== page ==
U.S. government scientists have decided that almost all chimpanzees kept for federally funded research will be retired from laboratories. The chimps will be placed in a national sanctuary.
According to The Star, the decision to end the use of chimpanzees in most research was made by the National Institutes of Health (NIH). A report produced by the committee, ‘Council of Councils Working Group on the Use of Chimpanzees in NIH-Supported Research’, indicates that in the future chimps should be used only if there is no other way to study a threat to human health.
The decision has been made by scientists on ethical grounds and it follows decades of lobbying, the New York Times indicates, by animal welfare groups, such as the Humane Society and People for the Ethical Treatment of Animals. According to the news site Rian, the European Union banned chimpanzee research in 2010, which left the United States and the African nation of Gabon as the only countries with chimpanzee medical research programs.
The chimps removed from laboratories will be housed at Chimp Haven outside Shreveport, La. This could amount to hundred, or possibly thousands, of chimpanzees. Chimp Haven was created on 200 acres of a Caddo Parish park in Keithville in northwest Louisiana.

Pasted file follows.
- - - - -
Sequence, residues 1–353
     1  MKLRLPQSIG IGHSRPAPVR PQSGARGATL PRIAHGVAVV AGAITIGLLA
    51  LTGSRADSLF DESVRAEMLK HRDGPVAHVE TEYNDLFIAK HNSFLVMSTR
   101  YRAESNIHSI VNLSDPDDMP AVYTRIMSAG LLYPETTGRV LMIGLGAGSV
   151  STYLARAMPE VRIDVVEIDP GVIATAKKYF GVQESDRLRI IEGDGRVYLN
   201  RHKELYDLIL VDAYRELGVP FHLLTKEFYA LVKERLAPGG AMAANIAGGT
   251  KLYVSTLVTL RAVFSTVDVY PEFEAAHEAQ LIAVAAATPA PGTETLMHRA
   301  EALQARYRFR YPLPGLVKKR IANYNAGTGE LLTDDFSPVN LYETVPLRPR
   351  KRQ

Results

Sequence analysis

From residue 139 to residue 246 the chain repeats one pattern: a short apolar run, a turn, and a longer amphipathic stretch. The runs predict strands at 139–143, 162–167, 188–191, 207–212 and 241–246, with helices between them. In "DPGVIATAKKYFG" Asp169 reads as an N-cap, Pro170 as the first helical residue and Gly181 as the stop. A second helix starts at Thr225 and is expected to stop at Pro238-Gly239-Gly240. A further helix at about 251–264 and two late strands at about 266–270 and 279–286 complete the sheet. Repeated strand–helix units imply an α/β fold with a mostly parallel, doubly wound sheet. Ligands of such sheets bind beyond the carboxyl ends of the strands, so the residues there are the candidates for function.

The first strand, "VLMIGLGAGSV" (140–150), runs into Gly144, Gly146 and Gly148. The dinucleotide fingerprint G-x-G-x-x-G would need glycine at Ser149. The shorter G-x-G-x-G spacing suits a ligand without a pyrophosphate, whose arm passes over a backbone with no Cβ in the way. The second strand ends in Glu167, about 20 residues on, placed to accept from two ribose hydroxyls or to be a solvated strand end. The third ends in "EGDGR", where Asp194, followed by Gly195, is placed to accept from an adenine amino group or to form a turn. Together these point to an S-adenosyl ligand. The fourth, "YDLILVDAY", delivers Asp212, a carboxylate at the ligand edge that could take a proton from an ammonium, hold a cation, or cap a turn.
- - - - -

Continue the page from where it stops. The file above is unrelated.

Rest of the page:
Jennifer Whitaker, vice president of Chimp Haven, is quoted by Live Science as saying: “We look forward to working closely with the NIH to devise a strategy to retire these chimpanzees to Chimp Haven.”
Although most chimps are being retired, around fifty will be kept for ‘special’ (undisclosed) research. For those chimps that remain, the NIH has stated that the conditions in which chimps are kept must be reformed with the chimps given sufficient room to play and climb, rather than being kept locked in small cages. In addition, chimps must be given outdoor access.